Particularly in the last few years, we’ve seen a massive upswell in the number and popularity of open-world survival games. We don’t need to dig too deep to think of examples, either – Minecraft comes to mind, a game that not only put indie on the map, but showed it was possible for non-mainstream games to find themselves on a level with big-name releases in a way never previously thought possible. On a completely opposite end of the spectrum, but still in the genre, we find DayZ. Mods have always been popular, but very rarely popular enough to spur on a standalone release that crashed a website when sales for it went live. Along with the likes of Minecraft and DayZ come a whole host of spin-offs and heavy borrowers, too – Terraria, 7 Days To Die, Starbound, to name but a few. Open-ended survival has made huge waves in the gaming world, creating a whole sub-genre for itself in the process.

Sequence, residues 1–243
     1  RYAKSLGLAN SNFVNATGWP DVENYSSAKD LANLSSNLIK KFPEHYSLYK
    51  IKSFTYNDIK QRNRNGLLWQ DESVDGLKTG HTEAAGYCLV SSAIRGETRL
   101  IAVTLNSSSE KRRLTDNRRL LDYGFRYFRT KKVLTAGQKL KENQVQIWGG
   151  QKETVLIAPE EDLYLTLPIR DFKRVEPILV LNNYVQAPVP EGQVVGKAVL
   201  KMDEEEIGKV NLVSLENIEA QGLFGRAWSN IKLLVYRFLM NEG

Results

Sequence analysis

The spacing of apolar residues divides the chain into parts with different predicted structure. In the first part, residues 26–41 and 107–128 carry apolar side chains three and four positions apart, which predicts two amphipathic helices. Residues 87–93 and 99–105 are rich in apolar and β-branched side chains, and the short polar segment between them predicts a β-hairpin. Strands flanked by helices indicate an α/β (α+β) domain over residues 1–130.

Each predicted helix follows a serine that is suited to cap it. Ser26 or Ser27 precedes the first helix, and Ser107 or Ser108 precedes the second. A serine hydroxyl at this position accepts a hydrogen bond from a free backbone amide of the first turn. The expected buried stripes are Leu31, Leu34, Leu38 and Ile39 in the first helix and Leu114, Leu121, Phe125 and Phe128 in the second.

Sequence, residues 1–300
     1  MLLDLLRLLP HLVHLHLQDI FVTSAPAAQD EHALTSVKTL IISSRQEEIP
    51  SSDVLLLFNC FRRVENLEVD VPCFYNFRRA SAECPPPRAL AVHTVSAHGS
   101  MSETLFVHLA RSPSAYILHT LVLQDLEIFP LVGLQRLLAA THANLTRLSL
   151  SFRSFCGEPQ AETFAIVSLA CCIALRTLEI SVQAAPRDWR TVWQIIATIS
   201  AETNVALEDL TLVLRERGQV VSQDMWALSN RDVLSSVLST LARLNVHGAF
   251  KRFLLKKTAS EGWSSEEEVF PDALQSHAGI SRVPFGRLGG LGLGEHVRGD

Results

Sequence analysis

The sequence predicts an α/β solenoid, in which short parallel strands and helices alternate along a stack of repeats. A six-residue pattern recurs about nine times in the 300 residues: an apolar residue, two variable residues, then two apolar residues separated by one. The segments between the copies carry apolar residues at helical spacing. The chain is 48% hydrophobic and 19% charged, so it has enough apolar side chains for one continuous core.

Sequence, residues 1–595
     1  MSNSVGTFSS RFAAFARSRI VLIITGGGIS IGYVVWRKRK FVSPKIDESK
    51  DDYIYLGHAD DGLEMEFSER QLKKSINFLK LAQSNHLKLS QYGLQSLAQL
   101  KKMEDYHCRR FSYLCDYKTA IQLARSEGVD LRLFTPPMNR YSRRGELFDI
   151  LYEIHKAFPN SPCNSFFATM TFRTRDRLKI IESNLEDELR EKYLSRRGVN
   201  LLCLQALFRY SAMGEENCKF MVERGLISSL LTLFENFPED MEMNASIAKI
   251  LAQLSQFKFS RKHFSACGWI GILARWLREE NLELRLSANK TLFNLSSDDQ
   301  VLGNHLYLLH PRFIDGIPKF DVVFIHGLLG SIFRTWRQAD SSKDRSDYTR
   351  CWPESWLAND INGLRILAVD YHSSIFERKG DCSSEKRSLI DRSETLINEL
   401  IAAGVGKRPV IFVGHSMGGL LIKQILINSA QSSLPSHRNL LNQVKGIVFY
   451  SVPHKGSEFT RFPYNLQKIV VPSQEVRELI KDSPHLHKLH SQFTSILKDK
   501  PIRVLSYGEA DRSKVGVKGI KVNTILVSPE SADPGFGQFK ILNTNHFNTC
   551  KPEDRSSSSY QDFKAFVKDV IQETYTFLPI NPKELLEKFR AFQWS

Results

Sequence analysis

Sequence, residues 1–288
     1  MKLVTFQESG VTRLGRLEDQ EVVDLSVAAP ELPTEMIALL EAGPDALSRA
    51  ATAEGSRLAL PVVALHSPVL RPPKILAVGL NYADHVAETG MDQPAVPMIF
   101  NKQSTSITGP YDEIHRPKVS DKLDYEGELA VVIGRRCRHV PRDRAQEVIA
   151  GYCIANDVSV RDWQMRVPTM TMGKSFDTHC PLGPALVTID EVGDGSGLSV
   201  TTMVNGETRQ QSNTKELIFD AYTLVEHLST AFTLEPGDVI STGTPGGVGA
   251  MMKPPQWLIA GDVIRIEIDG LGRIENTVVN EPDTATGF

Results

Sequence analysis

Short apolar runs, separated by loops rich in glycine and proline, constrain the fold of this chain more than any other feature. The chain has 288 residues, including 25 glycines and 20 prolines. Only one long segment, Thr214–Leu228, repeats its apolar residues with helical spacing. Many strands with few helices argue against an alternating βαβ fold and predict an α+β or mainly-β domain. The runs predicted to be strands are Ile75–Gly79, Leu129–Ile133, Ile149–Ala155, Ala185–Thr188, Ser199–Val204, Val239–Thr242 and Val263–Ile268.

It’s not just the popularity of these games we need to look at, though – they inspire levels of rabid dedication that very few mainstream releases can boast about. Sure, we’ve all got the stories about how we spent a week building a floating tree fortress in Minecraft, or didn’t go to sleep for an entire day trying to find the last components we needed for our vehicles in DayZ, but I put it to you that this is due to far more than the superficial immersive nature of the games: I would argue that we become emotionally invested in the characters we play in these games. This is not investment how we usually understand it in reference to character – these avatars have no personality quirks or sob stories to latch on to, but they do have hopes, dreams, aspirations and purpose – all of which we project upon them as we play. Now, we’ve started speaking quite abstractly, but stay with me here: the two things which cause a person to become interested in the development of a character are the direction that character is going in – whether or not their goal is an interesting one – and the conflict which arises out of that character’s pursuit of their goal; the obstacles which stop them achieving it.